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Bethany - posted on 02/23/2009




I think child-led weaning is great! The pressure to wean by 12 months (or six by some people) is ridiculous. AAP says at *least* a year of breastmilk, and WHO says at *least* two years of breastmilk! It's what's best for the baby.

My daughter is nearly 11 months old, and still exclusively breastfed. The older generation definitely gives me weird looks when it comes up, but I'm content with it. I think, though, that I may draw the line if she's still going strong at two-and-a-half years. That is just pushing the line for me. Or if she decides to lift up my shirt and unsnap my bra in public! lol.

Magda - posted on 02/23/2009




I have a 6 month old and was hoping to nurse him until he is 1 year old.  After reading some of  the comments I'm starting to wonder why not let him decide when to wean. Who said it's supposed to be over at 1? I'm going back to work in 3 weeks so I'll be mostly pumping during the day. I think this might  make things a little more challenging, but I definitely want to keep going for as long as I can.

Sekayi - posted on 02/23/2009




My duaghter is only 3mths and I was wondering the same thing. I read some good advise and i'm going to let her tell me when she's ready to stop. I'm going to worry about what society thinks

Sara - posted on 02/22/2009




I was actually very surprised to hear most sugget or at least support breast feeding for at least two years. That's not something I've heard much. Thank you all so much for the kind words and support.

Nicki - posted on 02/22/2009




yo must have read my mind. i had the same question. my son is only 6 months old now tho. orginally i was going to wean at 6 months but here we are at 6 months and i dont want to do it. i dont really want to start solids but i am going to at the end of the month. then i was think i would wean when he started to drink cow's milk but i am not sure. i dont know and was curious when every else did/ or was going to.

Shannon - posted on 02/22/2009




I am a true believer in child led weaning to a point... I let my first child wean on her own, and she did so at about 18 months, of course at that time she was only nursing at bed time... or if she didn't feel well anyway. My son, well, he is presently just under 6 months, has 2 teeth, and I thankfully he doesn't bite like my daughter did. I hope he will go till he is atleast a year, but he is really into his food. Needless to say, I will go as long as he wants to... up to 2, after that I am not comfortable myself. I have a hard time with children who can walk up to you and ask for it I guess...

Godo luck to you, it is a personal choice for each mom (and child) as to how long they go on. Just know that there is many womannout there who also believe in child weaning!

Carrie - posted on 02/22/2009




I think that if child led weaning is right for you, then it is a beautiful gift to give to your child.  I wasn't quite up for nursing that long (I think biological age of weaning is around 2 1/2 to 3).  I do think that you will know when you are ready to be done.  For me, that feeling came around 19-20 months.  I did mother led weaning, starting with don't offer don't refuse, then distraction and offering snacks, and continued on this path until we fully weaned about two months later.  I think 12-13 months would have been WAAAY too early to wean my son, he was still getting most of his nutrition from breastmilk at that point.  And, as pp stated, every child is different.  The fact that you are listening to your child's needs and following her lead is wonderful! :) Kudos to you.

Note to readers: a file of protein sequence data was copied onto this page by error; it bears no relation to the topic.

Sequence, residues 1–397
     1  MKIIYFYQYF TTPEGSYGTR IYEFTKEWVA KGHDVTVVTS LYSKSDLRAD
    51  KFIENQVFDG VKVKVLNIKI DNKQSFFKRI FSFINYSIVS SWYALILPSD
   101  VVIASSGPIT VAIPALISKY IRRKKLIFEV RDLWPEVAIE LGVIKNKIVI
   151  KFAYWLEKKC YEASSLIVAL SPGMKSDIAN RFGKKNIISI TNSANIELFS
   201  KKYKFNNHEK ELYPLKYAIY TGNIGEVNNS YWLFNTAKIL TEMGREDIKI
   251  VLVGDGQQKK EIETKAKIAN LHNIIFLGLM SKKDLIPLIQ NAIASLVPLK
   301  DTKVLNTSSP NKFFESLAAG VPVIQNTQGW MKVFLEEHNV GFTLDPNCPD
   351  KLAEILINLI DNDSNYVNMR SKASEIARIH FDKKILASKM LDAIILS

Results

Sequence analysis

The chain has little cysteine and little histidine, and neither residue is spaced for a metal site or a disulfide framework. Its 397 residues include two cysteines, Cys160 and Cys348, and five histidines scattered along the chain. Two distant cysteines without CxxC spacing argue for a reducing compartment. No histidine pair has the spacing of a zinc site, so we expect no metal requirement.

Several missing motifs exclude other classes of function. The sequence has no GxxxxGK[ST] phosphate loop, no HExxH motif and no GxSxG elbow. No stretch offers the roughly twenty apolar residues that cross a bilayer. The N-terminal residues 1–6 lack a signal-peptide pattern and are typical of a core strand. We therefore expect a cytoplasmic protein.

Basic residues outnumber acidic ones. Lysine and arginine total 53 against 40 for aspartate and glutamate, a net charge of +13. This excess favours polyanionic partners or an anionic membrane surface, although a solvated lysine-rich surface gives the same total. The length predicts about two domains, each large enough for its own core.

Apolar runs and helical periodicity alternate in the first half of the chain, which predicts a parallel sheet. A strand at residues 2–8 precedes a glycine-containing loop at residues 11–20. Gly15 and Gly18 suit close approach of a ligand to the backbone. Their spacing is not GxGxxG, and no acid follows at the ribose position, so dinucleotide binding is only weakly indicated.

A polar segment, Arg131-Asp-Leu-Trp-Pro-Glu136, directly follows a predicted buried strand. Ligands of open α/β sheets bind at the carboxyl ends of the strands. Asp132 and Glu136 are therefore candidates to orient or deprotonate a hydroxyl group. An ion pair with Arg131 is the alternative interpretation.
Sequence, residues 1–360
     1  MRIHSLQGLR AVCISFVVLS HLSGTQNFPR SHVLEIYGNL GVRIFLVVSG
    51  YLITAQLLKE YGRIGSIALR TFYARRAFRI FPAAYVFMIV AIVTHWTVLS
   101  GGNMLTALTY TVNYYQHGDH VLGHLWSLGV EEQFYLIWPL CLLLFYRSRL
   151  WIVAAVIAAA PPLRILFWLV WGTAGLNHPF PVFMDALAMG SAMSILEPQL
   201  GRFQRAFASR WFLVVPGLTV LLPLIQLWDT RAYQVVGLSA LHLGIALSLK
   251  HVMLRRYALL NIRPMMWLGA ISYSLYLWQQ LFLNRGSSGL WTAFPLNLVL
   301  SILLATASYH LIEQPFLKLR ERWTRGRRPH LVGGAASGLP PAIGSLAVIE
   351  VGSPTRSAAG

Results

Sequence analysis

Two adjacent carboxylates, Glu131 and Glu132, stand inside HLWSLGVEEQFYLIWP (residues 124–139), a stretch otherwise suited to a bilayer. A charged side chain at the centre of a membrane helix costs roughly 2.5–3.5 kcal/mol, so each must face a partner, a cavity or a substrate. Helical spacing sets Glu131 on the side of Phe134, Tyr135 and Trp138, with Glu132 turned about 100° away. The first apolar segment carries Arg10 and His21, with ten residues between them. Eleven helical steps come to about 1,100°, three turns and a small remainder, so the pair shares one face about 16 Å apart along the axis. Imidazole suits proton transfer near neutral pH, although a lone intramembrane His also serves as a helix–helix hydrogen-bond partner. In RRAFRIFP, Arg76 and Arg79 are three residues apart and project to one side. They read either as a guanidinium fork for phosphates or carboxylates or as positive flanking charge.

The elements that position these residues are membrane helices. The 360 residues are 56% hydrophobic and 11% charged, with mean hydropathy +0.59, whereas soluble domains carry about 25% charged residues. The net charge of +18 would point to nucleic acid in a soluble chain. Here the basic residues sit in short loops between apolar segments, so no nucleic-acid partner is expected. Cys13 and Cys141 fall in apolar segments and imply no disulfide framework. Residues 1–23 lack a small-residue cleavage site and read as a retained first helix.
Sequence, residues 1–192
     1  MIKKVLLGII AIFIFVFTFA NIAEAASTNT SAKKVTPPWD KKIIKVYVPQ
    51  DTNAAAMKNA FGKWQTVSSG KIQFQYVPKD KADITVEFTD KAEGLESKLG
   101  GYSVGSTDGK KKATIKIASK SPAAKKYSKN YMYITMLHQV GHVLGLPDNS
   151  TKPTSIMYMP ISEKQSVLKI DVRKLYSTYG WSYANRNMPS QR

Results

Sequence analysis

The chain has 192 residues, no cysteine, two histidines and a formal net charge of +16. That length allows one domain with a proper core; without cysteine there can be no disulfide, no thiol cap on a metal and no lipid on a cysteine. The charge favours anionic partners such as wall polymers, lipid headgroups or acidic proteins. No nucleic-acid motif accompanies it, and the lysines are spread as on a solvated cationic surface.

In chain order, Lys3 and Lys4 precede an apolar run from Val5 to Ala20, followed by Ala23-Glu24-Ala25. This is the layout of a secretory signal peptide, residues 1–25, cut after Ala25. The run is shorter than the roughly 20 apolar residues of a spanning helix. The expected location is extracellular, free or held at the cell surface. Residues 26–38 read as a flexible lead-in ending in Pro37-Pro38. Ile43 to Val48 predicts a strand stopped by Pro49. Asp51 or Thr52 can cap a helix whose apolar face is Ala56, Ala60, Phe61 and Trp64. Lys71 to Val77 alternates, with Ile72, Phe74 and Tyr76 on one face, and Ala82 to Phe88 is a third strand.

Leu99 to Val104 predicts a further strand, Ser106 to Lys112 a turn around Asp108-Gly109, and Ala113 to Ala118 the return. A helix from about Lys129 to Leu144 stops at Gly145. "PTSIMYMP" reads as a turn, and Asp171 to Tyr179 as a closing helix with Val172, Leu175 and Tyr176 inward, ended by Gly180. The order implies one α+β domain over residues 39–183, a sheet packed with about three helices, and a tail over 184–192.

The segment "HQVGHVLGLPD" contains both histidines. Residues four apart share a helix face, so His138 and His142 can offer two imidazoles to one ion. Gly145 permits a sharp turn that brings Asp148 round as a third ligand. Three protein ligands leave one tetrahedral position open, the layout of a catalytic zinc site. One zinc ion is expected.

Angela - posted on 02/22/2009




i have two daughters, Ava 2 yrs; and Lydia 8 1/2 months. with Ava, i totally had this vision of me deciding to breastfeed, and then, just doing it. she'd latch on beautifully at first, we'd go home and it would be a breeze. we'd nurse for a year, and then she'd make the switch to milk and all would be right with the world. well...the reality was this: she was born two weeks early, would not latch on, i had to use nipple shields which decreased my milk supply so i had to pump in between nursing sessions to increase milk, i got pregnant with Lydia when Ava was 7 months old which decreased my milk again so we were only able to nurse morning and nite (she had formula twice in a bottle), and then at 10 months turned away completely and went straight to whole milk-thankfully, without a problem. then when Lydia was born, i totally assumed everything would go the same, like i was defective or something, but it couldn't be more different! she latched on immediately, and to this day, still nurses strong 5-6 times during the day. she's also started solids recently, which i was sure would cut back on nursing, but nope.

so i think it's funny that we all have these preconceived notions of what breastfeeding will be like, and then it's rarely carried out that way. no one can predict it, so it is best to go with the flow and, like you say, let the baby take the lead. they will tell you what they want/need and we give it to them. that's what we're here for! who knows what Lydia will decide to do. i certainly can't imagine myself nursing a walking/running/talking toddler, but who knows?

hooray for you for sticking to the breastfeeding!! keep up the good work and good luck with everything!!